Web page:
Per a previous post, it takes so little torque to spin the tires in snow that there is no apprecaible torque reaction unloading the right rear tire.
Also, such torque reaction only occurs on solid axle cars. With independent suspension this load is borne by the chassis-mounted differential and/or transaxle.
Felix, qui potuit rerum cognscere causas.

Happy is he who can discover the cause of things.

gunt
Member
Member
Posts: 186
Joined: Sun Sep 26, 2010 2:52 pm

Re: Why does a limited slip cause the rear to go sideways?

Post by gunt » Sun Apr 28, 2019 12:12 pm

i don't accept the solid axle thing , as if you take solid and independent , both react in the same manor id the angle of the pig's head [ to prop shaft ] is altered , be it independent or solid , the load of the chassis will differ on both sides .
by chance i was watching a bit of rallying last night , BMW car heading slightly off in the wet dirt , he tried to move forward , rear went sideways , so he decided the only way was to get the front back on the road , he slapped it in reverse and the rear went the other direction , so try this next time your in the snow , 1 then R

User avatar
MadBill
Guru
Guru
Posts: 14029
Joined: Tue Nov 15, 2005 10:41 am
Location: The Great White North

Re: Why does a limited slip cause the rear to go sideways?

Post by MadBill » Sun Apr 28, 2019 5:51 pm

Imagine the ring and pinion are welded together. Let's say the engine is making 500 lb-ft. at the crank. Multiply that by the first gear ratio, say 2.5:1 so 1250 ft-lb. trying to lift the right side of the axle assembly and press down the left. The solid axle is resting on the ground and so acts like a giant Johnson bar to resist this torque, so it can't move except for the slight decompression of the tire. At the front of the driveshaft, per Newton's Third Law, this torque is balanced by an equal and opposite reaction which, since the transmission is attached to the engine and hence the chassis, causes the chassis to try to twist in the opposite direction, CCW as seen from the front. (Which is why the left front tire is more prone to catching air) The combined effect is to extend the left rear spring and compress the right one, thus reducing the load on the right side tire, leaving it more prone to breaking traction.

With independent rear suspension, the diff is bolted to the chassis and thus the CW and CCW forces merely try to twist the chassis and there is no torque-induced vertical force at the rear tires. It would be like trying to lift yourself up by your shoelaces.
Felix, qui potuit rerum cognscere causas.

Happy is he who can discover the cause of things.

makin chips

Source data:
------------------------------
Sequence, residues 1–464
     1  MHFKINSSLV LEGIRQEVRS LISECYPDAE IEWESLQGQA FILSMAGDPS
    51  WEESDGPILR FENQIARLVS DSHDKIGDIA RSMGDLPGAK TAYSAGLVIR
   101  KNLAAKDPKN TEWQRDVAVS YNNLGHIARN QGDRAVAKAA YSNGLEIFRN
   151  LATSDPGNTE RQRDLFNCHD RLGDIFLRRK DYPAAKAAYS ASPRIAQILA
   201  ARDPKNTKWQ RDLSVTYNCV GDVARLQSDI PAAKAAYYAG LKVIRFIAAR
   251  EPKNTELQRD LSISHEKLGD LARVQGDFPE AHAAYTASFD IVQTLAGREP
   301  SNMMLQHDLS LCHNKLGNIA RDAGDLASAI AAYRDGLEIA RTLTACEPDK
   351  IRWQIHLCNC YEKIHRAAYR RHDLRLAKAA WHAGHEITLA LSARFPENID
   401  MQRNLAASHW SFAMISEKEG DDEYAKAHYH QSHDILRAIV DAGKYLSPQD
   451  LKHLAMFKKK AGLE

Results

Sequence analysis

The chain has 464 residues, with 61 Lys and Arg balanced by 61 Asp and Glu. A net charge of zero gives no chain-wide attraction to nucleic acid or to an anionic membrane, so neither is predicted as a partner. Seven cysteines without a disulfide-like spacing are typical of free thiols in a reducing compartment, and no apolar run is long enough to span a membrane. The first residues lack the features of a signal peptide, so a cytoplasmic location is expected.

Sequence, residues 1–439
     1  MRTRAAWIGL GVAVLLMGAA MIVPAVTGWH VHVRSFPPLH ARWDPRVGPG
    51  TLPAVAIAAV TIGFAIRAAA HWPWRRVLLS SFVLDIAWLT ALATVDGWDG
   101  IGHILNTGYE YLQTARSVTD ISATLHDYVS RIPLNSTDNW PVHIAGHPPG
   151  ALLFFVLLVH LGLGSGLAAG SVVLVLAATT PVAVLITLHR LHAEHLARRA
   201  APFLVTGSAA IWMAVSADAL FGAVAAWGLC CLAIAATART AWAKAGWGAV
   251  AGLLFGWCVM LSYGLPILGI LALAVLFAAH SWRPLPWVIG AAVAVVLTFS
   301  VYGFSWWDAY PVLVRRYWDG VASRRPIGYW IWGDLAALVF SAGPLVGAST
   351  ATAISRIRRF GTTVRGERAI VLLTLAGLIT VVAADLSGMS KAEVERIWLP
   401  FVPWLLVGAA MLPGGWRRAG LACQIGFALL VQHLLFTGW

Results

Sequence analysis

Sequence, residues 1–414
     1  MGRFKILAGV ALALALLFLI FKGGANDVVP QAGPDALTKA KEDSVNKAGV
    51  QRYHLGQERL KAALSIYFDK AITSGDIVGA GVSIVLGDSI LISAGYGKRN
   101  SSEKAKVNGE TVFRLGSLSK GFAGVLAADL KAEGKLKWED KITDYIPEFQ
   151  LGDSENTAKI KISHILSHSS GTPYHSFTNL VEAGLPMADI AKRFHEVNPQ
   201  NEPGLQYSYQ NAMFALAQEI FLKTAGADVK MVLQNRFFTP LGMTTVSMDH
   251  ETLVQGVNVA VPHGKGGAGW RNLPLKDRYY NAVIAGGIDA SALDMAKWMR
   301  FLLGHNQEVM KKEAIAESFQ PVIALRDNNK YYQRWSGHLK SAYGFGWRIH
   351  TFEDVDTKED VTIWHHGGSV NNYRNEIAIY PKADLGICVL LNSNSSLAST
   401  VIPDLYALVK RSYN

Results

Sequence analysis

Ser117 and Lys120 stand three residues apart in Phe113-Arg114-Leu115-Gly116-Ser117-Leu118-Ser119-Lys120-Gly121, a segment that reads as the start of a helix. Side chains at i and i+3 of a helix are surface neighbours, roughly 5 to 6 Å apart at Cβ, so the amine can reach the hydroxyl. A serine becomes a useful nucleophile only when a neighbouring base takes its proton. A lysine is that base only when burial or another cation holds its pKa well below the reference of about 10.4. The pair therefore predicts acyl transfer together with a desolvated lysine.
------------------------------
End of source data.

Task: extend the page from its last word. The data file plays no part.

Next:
Member
Member
Posts: 159
Joined: Mon Feb 18, 2019 6:15 am

Re: Why does a limited slip cause the rear to go sideways?

Post by makin chips » Sun Apr 28, 2019 9:08 pm

PackardV8 wrote:
Fri Apr 26, 2019 10:50 pm
makin chips wrote:
Fri Apr 26, 2019 7:24 pm
I actually learned this but have forgotten how it was explained to me. We had a demonstration done with a 8" long car with wheels you could lock in place so they wouldn't roll.

Roll it downhill with all 4 unlocked and it went straight downhill. As soon as you lock up the rears and try to let the car go down the incline, the rear passes the front of the car every single time. I'll tell you this. It has exactly zero to do with the crown on the road because that incline was exactly flat with no crown whatsoever. There's a physics thing behind why it happens, I just can't recall what it is.
That's really weird, as it's exactly opposite of what forty years of front-wheel drive experience has taught me. FWD is magic in most low traction situations. The only time FWD ever bitten me was the first time I was going into a downhill curve and backed off the throttle. Compression braking on the front tires while the rears were rolling free caused the rear end to try to pass the front. Since that time, if I'm driving a FWD and there's even a chance of having to decelerate going down hill, I go into neutral so all four tires are rolling and braking the same.
Its possible that I got it backwards and he had the fronts locked. It's been quite a while so I could've easily misremembered which were locked and which weren't.

In fact, I'm pretty sure you are correct. The rears locked caused it to just drag the rear wheels. Locked front tires caused it to swap ends and send the rear end swinging around. That makes more sense.

Either way, there was some physics lesson we learned behind it all. Something to do with friction? I don't remember and I can't really get in touch with my professor anymore to ask him about it.

Kevin Johnson
Guru
Guru
Posts: 7631
Joined: Tue Nov 22, 2005 5:41 am

Re: Why does a limited slip cause the rear to go sideways?

Post by Kevin Johnson » Sun Apr 28, 2019 10:08 pm

David suggested this text to me many years ago now. It was good advice.

http://www.edccorp.com/library/TechRefPdfs/EDC-1110.pdf

Mechanics of
Vehicles
By Jaroslav J. Taborek
1957
Last edited by Kevin Johnson on Sun Apr 28, 2019 10:12 pm, edited 1 time in total.

User avatar
MadBill
Guru
Guru
Posts: 14029
Joined: Tue Nov 15, 2005 10:41 am
Location: The Great White North

Re: Why does a limited slip cause the rear to go sideways?

Post by MadBill » Sun Apr 28, 2019 10:11 pm

The link doesn't work for me... :(
Felix, qui potuit rerum cognscere causas.

Happy is he who can discover the cause of things.

Kevin Johnson
Guru
Guru
Posts: 7631
Joined: Tue Nov 22, 2005 5:41 am

Re: Why does a limited slip cause the rear to go sideways?

Post by Kevin Johnson » Sun Apr 28, 2019 10:13 pm

Corrected

GLHS60
Expert
Expert
Posts: 549
Joined: Fri Oct 15, 2010 1:55 am
Location: Sherwood Park, Alberta, Canada

Re: Why does a limited slip cause the rear to go sideways?

Post by GLHS60 » Mon May 06, 2019 6:51 pm

This thread reminds me of the ancient giant Engined, chain drive cars of the past.

Chain drive was used so internal differential torque wouldn't impact tire traction.

Thanks
Randy
Image
Sherwood Park
Alberta,Canada

Post Reply